Have You Heard of Sugaring? This Ancient Hair Removal Technique Is Making a Comeback

With warmer weather on the horizon, you might be thinking about body hair removal. While shaving is the most accessible way to remove fuzz, it can cause painful nicks and ingrown hairs. You've probably heard about other hair removal techniques out there — from waxing (ouch!), to depilatories, to lasers. But you might not know about one especially strange-sounding hair removal method. Sugaring is an effective, all-natural fix for unwanted hair, and while it's becoming increasingly popular, it's actually been around since ancient Egypt. Here’s everything you need to know about this novel use of sugar.

What is sugaring, anyway?

Sugaring is becoming more and more prevalent thanks to salon chains like Sugared + Bronzed and Sugaring NYC — but it’s hardly new. For as long as there’s been body hair, there have been techniques for removing it, and sugaring is one of the oldest. The method originated in ancient Egypt, and it's an epilation technique; this means that it removes hair by the root (rather than from above the skin, like shaving) and allows for more time before it grows back.

Unlike ancient beauty treatments that used crocodile dung, swan fat, or donkey milk, sugaring thankfully doesn’t involve any gross or potentially dangerous components. Rather, it requires only three simple, all-natural ingredients that you probably have in your kitchen right now (though we recommend going to an expert rather than attempting a DIY): sugar, lemon, and water.

How does the sugaring process work?

The sugar, lemon, and water form a paste that is molded and applied to the skin. The paste is then taken off with a flicking gesture — the flick is difficult to master, and can cause pain if not done properly, which is why it’s best to go to a salon. Think of sugaring as the most minimalist of hair removal techniques — the only tool is the three-ingredient concoction. While sugaring is similar to waxing, it doesn’t require a strip for removal (the paste does all the work) and many women report that it doesn’t hurt as much as waxing (though it can still cause some discomfort).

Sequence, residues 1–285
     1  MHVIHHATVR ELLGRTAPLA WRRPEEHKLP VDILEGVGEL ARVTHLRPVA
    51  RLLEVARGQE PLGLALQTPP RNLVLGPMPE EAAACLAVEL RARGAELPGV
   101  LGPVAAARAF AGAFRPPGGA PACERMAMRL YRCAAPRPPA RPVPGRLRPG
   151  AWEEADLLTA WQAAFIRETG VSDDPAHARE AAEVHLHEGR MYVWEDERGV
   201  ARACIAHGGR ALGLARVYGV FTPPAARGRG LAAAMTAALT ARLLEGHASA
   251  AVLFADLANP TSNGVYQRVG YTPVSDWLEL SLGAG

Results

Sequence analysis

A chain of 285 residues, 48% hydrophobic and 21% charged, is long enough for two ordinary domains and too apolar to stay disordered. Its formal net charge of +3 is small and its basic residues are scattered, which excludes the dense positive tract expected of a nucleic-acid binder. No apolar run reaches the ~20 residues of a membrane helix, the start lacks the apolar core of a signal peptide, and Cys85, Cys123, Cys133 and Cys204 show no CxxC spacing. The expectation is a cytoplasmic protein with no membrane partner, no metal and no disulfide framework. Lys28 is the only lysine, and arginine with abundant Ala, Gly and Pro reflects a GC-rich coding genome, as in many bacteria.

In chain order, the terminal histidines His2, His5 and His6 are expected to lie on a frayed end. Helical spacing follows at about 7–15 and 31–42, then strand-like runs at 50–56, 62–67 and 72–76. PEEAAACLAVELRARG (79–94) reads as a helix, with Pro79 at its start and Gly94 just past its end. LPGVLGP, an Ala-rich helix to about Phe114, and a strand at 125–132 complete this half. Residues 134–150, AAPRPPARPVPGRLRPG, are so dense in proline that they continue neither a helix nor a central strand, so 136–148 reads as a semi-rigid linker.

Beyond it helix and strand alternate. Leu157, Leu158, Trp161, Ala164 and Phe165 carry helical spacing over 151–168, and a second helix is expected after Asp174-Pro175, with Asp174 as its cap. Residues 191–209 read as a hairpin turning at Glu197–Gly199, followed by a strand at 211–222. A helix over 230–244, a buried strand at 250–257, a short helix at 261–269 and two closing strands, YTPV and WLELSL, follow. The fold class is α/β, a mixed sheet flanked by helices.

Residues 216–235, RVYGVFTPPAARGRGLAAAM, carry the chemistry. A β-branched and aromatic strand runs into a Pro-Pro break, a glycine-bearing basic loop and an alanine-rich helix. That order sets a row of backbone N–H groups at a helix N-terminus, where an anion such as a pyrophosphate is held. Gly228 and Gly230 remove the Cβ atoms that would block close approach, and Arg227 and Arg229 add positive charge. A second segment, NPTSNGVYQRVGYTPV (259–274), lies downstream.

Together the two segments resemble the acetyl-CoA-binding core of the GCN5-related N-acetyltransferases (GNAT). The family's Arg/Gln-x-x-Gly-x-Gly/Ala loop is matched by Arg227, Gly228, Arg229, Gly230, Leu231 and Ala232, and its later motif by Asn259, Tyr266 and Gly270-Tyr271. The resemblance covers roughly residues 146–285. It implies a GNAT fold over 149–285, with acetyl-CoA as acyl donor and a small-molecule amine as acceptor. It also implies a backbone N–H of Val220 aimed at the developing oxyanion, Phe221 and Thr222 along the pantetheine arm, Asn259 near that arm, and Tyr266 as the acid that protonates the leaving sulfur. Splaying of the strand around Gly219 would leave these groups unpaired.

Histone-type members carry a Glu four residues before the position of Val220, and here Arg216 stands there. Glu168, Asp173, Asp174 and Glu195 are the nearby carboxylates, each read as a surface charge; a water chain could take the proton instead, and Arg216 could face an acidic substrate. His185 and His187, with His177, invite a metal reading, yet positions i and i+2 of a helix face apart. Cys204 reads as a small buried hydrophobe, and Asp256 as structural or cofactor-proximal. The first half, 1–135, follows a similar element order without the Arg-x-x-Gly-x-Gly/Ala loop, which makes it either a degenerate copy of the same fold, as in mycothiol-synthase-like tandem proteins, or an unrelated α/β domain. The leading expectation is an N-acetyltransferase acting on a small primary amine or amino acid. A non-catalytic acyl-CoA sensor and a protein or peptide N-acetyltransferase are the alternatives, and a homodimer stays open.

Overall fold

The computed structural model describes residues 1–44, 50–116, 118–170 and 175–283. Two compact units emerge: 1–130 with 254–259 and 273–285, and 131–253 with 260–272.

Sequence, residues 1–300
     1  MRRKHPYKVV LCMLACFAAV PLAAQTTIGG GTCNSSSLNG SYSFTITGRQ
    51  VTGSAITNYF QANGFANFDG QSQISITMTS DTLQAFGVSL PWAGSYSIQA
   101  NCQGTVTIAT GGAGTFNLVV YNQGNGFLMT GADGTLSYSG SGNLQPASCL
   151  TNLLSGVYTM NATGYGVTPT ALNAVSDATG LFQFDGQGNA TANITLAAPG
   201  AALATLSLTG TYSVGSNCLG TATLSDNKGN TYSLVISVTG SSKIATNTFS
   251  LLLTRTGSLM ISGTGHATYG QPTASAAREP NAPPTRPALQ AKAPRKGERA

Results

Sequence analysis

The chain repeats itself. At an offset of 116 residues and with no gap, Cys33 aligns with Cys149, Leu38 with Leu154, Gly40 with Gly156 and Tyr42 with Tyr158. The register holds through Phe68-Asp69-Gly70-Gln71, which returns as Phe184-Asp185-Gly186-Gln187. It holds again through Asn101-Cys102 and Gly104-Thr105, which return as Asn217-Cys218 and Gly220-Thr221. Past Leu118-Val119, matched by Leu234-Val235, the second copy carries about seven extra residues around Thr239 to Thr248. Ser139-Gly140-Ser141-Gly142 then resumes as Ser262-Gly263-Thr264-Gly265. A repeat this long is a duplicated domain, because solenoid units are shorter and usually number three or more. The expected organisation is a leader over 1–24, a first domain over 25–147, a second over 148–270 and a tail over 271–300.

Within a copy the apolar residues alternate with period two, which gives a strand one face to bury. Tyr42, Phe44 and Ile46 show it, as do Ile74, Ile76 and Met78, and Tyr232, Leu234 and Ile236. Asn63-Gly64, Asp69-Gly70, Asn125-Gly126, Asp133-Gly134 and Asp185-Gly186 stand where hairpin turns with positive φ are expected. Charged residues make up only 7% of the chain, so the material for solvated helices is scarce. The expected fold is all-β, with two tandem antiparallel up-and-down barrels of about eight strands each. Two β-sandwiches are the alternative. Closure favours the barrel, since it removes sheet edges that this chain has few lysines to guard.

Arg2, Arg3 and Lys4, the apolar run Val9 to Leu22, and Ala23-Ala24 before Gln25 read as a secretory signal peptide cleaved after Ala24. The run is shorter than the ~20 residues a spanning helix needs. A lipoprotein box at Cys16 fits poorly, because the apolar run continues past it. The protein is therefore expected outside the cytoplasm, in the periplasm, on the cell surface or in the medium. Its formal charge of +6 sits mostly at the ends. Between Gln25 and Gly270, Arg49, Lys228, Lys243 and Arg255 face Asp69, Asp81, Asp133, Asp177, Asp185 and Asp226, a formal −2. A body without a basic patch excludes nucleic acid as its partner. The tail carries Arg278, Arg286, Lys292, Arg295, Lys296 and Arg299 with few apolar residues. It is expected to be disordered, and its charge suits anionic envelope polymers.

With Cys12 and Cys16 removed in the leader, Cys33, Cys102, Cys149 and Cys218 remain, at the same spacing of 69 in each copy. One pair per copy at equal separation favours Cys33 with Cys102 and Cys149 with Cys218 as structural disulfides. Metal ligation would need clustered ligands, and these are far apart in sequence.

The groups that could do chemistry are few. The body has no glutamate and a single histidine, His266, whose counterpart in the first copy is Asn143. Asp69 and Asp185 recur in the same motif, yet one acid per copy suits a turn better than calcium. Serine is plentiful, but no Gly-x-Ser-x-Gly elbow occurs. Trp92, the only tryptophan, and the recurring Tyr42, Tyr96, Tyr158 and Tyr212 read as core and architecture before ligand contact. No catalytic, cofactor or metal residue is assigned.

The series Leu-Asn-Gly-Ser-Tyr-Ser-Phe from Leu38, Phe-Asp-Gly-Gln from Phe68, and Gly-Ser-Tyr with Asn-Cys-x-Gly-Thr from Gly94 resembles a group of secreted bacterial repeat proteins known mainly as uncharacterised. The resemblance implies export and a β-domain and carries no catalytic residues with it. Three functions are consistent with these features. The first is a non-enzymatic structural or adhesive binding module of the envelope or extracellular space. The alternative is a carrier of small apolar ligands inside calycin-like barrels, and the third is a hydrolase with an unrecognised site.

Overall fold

Is sugaring expensive?

It tends to be as expensive as waxing — if not more so. While the ingredients are cheap, the expertise required to wield them effectively for hair removal is not. According to Healthline, a session for the full legs averages $100, with results lasting three to four weeks. So making consistent sugaring appointments definitely adds up.

Should I try sugaring?

Maybe you’re planning to stick to shaving, and that’s okay! However, if you’re the type who likes to experiment with your beauty routine, or have heard talk of sugaring and felt curious, it's certainly worth a try. Sugaring doubles as an exfoliation process for the area being treated, and is less likely to cause irritation and ingrown hairs than other forms of hair removal. If you have sensitive skin, you may be interested in trying it for these reasons.

As with any aesthetic treatment, you should speak with a medical provider before trying sugaring if you have any concerns. Certain medications can make your skin more prone to irritation, causing hair removal to be more painful. The change in body hair growth that comes with age (as estrogen levels drop, body hair becomes thinner) may also be a factor in whether or not you want to try sugaring. While body hair may become sparser during menopause, facial hair may become more prominent, and sugaring can work wonders on an unwanted mustache.

The Bottom Line

Ultimately, the hair removal method you prefer is a personal choice rooted in your specific skincare needs and budget. While sugaring is an ancient technique, the growing interest in natural skin care has made it feel more relevant than ever. Even if you don’t plan on trying it, you have to admit — those ancient Egyptians came up with a pretty clever way to use three simple ingredients!